Toxic Vapors Could Kill Thousands If an Earthquake Were to Hit Portland, Report Says, Prompting Calls for Regulation

It almost feels as though the amount of natural disasters is starting to climb as time goes on, and that’s because it is. Climate change has done its part so that natural disasters are becoming more of a constant than they have ever been. Thankfully, we have the technology to be able to predict a majority of these natural disasters (as well as their severity) fairly early.  The biggest exceptions, though, are earthquakes.

UPDATE: Portland Residents Demand Action To Avoid Toxic Catastrophe Along The Willamette River

Earthquakes are utterly unpredictable. Many scientists are hopeful that perhaps one day we’ll be able to predict the occurrence of earthquakes with enough time for evacuations, most scientists are pessimistic about the idea, and some claim it’s outright impossible. Because of this, we often find ourselves needing to prepare for a natural disaster that we’re not sure will ever come and with a severity we can’t possibly know. Without a high level of uncertainty.

That’s where we get to the topic of Portland, Oregon. There has not been an earthquake lately, but seismologists have said that there is a 37% chance that a 7.1 magnitude or higher earthquake will happen along the Oregon and Washington coast within the next 50 years. So, why does this extremely vague prediction matter? Well, according to a Portland State research report commissioned by Multnomah County, if there was one of substantial magnitude, it could leave thousands dead and injured.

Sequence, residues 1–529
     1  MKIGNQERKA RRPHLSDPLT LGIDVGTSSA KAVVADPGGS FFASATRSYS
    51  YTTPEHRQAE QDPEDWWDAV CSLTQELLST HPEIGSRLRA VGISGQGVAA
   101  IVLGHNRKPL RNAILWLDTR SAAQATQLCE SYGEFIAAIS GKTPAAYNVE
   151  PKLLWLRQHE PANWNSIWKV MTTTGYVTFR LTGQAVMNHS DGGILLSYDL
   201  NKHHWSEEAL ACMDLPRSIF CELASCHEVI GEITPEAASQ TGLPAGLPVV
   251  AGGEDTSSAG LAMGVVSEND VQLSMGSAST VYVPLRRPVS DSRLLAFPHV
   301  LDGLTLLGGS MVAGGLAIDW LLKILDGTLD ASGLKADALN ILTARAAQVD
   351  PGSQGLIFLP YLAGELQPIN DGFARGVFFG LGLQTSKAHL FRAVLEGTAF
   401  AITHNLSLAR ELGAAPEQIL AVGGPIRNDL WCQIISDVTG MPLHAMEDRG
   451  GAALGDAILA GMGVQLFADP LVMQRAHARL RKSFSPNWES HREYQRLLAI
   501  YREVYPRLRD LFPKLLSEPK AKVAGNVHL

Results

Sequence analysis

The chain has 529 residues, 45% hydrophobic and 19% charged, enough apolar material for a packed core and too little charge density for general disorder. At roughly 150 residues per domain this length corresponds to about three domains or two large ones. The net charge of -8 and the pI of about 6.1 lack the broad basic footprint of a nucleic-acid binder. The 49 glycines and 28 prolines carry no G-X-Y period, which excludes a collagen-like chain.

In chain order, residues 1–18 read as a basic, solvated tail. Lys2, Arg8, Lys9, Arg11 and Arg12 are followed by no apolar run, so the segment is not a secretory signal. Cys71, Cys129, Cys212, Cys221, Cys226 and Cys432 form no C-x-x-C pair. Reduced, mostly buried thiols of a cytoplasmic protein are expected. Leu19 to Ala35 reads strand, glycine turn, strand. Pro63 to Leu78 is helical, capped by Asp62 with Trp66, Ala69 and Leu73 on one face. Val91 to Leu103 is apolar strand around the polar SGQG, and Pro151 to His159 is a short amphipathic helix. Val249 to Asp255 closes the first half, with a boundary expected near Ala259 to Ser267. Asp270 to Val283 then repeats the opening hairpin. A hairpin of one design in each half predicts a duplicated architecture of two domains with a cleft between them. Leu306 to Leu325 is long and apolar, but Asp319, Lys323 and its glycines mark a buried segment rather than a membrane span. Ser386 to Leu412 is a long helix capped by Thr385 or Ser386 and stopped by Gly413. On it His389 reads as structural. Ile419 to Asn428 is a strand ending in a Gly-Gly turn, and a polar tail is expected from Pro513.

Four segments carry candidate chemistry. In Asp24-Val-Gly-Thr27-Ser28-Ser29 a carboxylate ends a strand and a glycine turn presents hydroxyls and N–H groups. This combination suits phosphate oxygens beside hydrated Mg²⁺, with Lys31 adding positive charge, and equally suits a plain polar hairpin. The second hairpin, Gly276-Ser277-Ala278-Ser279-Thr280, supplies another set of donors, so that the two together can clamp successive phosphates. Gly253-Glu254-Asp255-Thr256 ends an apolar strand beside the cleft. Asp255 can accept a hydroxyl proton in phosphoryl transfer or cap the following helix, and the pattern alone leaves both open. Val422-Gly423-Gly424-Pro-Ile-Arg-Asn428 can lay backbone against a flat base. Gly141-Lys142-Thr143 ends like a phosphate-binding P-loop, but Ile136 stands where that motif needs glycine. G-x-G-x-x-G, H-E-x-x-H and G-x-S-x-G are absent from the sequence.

If a massive earthquake hit Portland, people would be dying from collapsing buildings, the shaking, and downed power lines. The death toll would be significant, but there is something that would only add onto it; it’s a threat that could kill thousands and leave tens of thousands injured: toxic vapors.

According to the report, a Cascadia Subduction Zone earthquake would rupture the tanks and pressurized cylinders that store toxic chemicals within industrial facilities. The ones especially at risk are those facilities built on liquefiable soil in the city’s north and northwest neighborhoods. If these tanks and cylinders were to rupture, we’d see toxic plumes emitted that would spread across the county and even over its borders. Just in case you aren’t aware, by the way: there are over 1,100 industrial facilities in Multnomah County alone, and many of them are located near residential areas. 70 of these facilities were identified last year by the county as posing the highest risk. This is because not only ade the toxic materials in a large abundance and fairly volatile, but the facilities also tend to sit on loose, sandy soils that will give out when an earthquake hits.

The most dangerous facility we’d be looking at is the Critical Energy Infrastructure Hub. It’s a fossil fuel terminal placed along the Willamette River, and it’s where more than 90% of Oregon’s gas and diesel is stored. Not just the country or the city, but the entire state. The vapors from their ruptured tanks, when mixed in with the plumes of toxic chemicals from other industrial facilities, would make for a deadly airborne combination that would be near impossible for residents to avoid. We’re talking about chemicals such as ammonia, chlorine, hydrochloric acid, sulfur dioxide, hydrogen chloride, diesel, and sulfuric acid all mixing together, among many other toxic chemicals. Many of these chemicals alone can cause death if one is exposed to too much of it, and even medical-grade masks are unable to offer you any protection from them. These situations call for genuine gas masks.